18 April 2007

Codes of conduct and my new influx of hate spam

By now, anyone who reads blogs with any sort of regularity has surely read this (Kathy Sierra's public statement about online harassment), this (the NY Times article) about this (the call for a blogging code of conduct), and maybe even this (a helpful overview of the situation from one of my favorite bloggers).

You've also probably heard, underneath the Virgina Tech cacophony, that the Duke rape case was thrown out last week due to a lack of evidence.

From the time that news broke, it took about an hour for the hate spam to start up here again.

(I hadn't posted anything new about it.)

I'm pretty sure most people, even my friends and colleagues, don't read this blog with any kind of regularity. I don't even blog regularly, mostly because I'm having an inward period and I don't feel like dissecting issues publicly just so people can argue about it. I'm busy, I've been sick, and honestly, I'm tired of defending a label ("feminist") that has always been common sense for me and represented a hope for equality across (if not an end to) all binaries, gendered or otherwise.

And maybe I've never come right out and said it: I quit blogging and videoblogging with the frequency I once maintained both here and elsewhere because I not only got random hateful comments about a year ago for saying videobloggers are a bunch of white men (which, in addition to still being overwhelmingly true, I continue to maintain is a fairly innocuous thing to say, even in anger - let's own our privilege and find ways to understand & use it to move forward towards a better, egalitarian world); for my supposed outburst, I got some of the most harmful, disgusting feedback from the so-called community I was addressing. Maybe that's to be expected, but I decided being vulnerable, as part of my message, wasn't really worth it after that.

I had open comments here - everywhere - until I couldn't take it anymore. I read january one's post contemplating a day of unmoderated feedback, and honestly thought it sounded masochistic. I welcome constructive criticism much like she does, but both in my past life as a weekly newspaper columnist (which came with weekly hate mail, usually from known parties with whom I had to interact in real life) and in my life today, I'm not really interested in being told I'm a "dyke with a tampon up my ass". That isn't criticism, nor is that reality. I have friends who don't agree with me on a variety of things (I even cohabit with some of them), but we maintain a level of respect for our backgrounds and experiences. When I occasionally have a friend who does not do those things, that friend may go by the wayside. Same should be true, in my opinion, for an open forum you have created where you and your viewpoints are being disrespected. People abusing your space? Keep them out. Pretty simple.

Do I - does anyone - want to spend time moderating comments? Hell no. But it comes with the territory. Sometimes the anonymous comments (which I never publish, as I say right there on the right) are particularly amusing, like this one that showed up in the middle of drafting this post:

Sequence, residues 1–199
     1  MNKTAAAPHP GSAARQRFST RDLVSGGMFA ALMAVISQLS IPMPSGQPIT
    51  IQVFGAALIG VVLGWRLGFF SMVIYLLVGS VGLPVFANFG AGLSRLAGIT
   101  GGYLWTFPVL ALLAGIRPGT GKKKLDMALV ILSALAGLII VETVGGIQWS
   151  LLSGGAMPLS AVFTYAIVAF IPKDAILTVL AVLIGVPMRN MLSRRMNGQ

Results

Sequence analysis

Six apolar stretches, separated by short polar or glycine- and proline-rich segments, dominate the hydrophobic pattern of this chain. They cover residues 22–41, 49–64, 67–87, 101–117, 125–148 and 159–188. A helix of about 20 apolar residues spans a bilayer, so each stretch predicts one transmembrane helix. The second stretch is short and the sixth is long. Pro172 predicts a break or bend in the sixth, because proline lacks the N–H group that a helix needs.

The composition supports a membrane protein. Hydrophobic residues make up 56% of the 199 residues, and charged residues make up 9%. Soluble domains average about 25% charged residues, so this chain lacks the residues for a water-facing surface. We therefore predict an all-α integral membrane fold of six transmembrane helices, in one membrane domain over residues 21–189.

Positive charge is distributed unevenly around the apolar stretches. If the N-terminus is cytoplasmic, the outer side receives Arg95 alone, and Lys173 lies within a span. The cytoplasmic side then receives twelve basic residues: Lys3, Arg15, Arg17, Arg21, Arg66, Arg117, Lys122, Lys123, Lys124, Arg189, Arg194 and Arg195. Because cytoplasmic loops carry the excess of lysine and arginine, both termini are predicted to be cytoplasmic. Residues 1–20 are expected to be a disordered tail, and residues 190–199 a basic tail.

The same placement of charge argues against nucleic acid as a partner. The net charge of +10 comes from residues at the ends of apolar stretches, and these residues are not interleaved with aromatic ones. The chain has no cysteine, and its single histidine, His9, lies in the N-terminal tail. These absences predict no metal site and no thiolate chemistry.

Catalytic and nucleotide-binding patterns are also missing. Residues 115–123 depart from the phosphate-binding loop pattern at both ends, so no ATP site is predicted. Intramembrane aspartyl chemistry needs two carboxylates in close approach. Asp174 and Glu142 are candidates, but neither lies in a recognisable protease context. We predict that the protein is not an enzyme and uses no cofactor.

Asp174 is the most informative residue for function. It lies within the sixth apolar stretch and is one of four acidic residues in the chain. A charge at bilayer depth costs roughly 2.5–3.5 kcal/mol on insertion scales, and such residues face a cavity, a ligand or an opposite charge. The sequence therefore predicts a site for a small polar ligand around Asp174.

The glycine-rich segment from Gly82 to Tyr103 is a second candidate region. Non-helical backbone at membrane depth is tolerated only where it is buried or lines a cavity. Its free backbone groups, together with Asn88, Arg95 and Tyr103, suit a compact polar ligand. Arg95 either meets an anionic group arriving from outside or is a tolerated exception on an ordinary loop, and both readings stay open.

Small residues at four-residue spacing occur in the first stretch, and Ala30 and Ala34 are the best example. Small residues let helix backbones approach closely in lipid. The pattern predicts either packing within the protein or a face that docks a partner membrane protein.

Hello, can you talk about how women don't like dorky guys or nerds and instead go for the bad boys? It's sad when no one is attracted to you because you are a nice guy.
Yes, I suppose that is sad (albeit an errant assumption). But a lot of things are sad, sir.

I think it's sad that instead of addressing the violent nature of the rape culture in which we live, we cry foul when some young privileged men aren't better protected by the legal system. I think it's sad that we publicly disparage women who have to make difficult choices about the intersections of sex and money. I think it's sad - and sick - that we constantly question the legitimacy of rape charges when only 2-4% of rape reports are unfounded.

And it's personally sad that some of the worst comments I've received along the way have come from people I know: people who I see at conferences and pretend it never happened, people who think that spewing hatred on a listserv isn't destructive, people who don't seem to care if they disclose your personal information without consent. That's my name, dude, and I don't reveal it here for a reason. You know who I am? Bully for you (pun intended).

I don't suppose much will change. Haters will go on publishing personal information - from Kathy Sierra to the Duke lacrosse accuser - and we'll go on moderating comments. And we'll continue to lose valuable writers, videographers, and insight. A code of conduct won't do shit, in my opinion, and I wouldn't adopt it if a hierarchy of bloggers spits one out. Some brave women will continue to speak out and many of us will not. The risk remains too great, and the Duke case further cements that. I'm less afraid online than I am in public space, but I know that's not the case for many these days, and that too makes me sad.

But it's real.


This blog has been closed since this post was written. Some older videos of interest remain in their original locations:

Outfitted in Urban
Me & my HPV vaccine
It isn't a show
Social Potlucks
Dating 2.0

You can also visit my personal website for information about upcoming and ongoing projects, possibly or maybe not at all related to the feminist struggle.